But I also can be a good friend at times, hopefully most of the time. I am always willing to help a friend with whatever they need (except money). I am a good listener (I have been told) and good at giving people advice when they ask for it (and even when they don’t ask for it). I will do anything to protect those that I care about deeply. I am very loyal to my friends, and very forgiving if they are rude. I also love to do things for my friends, like giving them food or something I know they will like.

I have a limited amount of energy every day, as I think most people do even if they don’t realize it. I tend to focus that energy on my work, because it is something very important to me and I think it deserves my full focus. After I am done working for the day, I have some energy left and I pour most of that into my hobbies. Then I have to spend energy to do routine things like cleaning and housework and cooking. By the time all of that is done, I am pretty much always spent for the day. I have no energy left to do anything else. So that means that talking to friends or hanging out is out of the question. There’s just not enough fuel in the tank to do that. So I put it off till the next day.

The problem is that the next day, the exact same thing happens again. I have no energy left to make the effort to hang out with people and I forget about them. It’s not that I never think about them, I think about my friends a lot. But it takes more energy than I can muster to start a conversation with them.

So months and months of that kind of thing go by, and pretty much universally, the friend forgets about me too. I have lost most all of my friends that way. Often times, I will reach out to them, and try to plan something in advance. I know that if I can schedule something for a week or two ahead then I can deal with it and be able to hang out and have fun. But, unfortunately most of the time the other person is not up for that. They almost always have ‘other plans’ for that day, or ignore me completely. So I have learned over the years to mostly give up on that sort of thing. I am not very good at planning things with my friends and so I don’t.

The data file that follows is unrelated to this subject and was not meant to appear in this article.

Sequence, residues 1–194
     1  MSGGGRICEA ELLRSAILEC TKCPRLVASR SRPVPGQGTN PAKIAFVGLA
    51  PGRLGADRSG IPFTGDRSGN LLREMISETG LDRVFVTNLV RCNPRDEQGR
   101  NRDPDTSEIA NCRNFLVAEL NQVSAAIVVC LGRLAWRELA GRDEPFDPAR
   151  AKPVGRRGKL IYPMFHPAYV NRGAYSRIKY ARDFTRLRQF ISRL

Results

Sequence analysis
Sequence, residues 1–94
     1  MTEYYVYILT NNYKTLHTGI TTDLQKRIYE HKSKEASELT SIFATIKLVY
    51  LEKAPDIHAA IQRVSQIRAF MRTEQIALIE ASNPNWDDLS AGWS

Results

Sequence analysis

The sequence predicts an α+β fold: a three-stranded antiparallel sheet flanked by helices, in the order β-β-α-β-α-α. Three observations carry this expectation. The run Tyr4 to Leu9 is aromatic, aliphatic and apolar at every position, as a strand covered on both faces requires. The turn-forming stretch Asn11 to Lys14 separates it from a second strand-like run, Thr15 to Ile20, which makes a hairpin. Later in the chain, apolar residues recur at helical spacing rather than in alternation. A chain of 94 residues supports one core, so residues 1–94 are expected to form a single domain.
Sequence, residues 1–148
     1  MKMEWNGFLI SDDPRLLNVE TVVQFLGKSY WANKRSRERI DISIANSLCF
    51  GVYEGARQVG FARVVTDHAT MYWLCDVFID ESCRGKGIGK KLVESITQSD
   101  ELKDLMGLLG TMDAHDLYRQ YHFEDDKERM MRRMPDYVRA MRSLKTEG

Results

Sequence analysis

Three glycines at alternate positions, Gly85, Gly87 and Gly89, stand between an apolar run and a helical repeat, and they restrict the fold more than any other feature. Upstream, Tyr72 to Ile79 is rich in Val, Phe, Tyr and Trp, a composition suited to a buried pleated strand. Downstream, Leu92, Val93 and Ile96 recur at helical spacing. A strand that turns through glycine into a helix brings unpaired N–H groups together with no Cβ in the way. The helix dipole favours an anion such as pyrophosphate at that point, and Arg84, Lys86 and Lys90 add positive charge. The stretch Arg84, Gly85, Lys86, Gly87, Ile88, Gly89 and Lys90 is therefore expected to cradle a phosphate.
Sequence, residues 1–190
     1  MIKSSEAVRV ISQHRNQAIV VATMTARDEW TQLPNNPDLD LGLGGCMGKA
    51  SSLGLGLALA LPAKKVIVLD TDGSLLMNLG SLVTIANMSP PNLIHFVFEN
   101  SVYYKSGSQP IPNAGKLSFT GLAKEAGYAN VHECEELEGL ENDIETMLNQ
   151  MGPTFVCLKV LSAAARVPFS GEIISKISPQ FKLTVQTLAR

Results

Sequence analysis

I owe most, if not all, of my social success (whatever that means) to my Sunday School Class. I joined because an old friend recommended it to me, I went because the leaders hosted it at their house and gave a free lunch. I am the kind of person who will join any group in order to get free food. I once spent an entire year going to a Mormon bible study in the morning because they had free donuts and kolaches, and I am definitely not Mormon (nothing against them, they are great people, but I love coffee and tattoos). Anyways, I joined this college age Sunday School group and immediately loved it. The people were very nice and welcoming. They were very honest and open, and treated everyone with respect, but still managed to have a lot of fun. Every Sunday they would have the group over for lunch and then a discussion, and then afterwards there was all kinds of activities to do. We would play board games, build random things, go to concerts or festivals, basically normal people stuff I guess. But it was the first time in my life that I had experienced that sort of thing. My friends from high school had never really done that stuff, or at least they didn’t invite me to it.

I loved this group so much. They were honest enough to tell me when I was being stupid, and to call me out when I would get really angry at random things. I appreciate and need that from people. It taught me to be more self-aware of the way that I acted and how it affected others.

I think the main reason I was able to be a part of this group was the regularity of it. I knew that every Sunday I could go over there and hang out with who ever showed up that week. I could skip a few weeks, and no one cared. I could leave whenever I wanted to, and show up late for any reason. There was such a level of trust and familiarity that allowed me the space to be as ‘trapezium’ as I could be. I truly don’t think that I would who I am today if not for that group, they took me in and accepted me and gave me a place to be weird but also a place to learn how to get along with other people. They gave me the chance to observe and participate in things the way everyone else does. I don’t think I could ever thank them enough for that.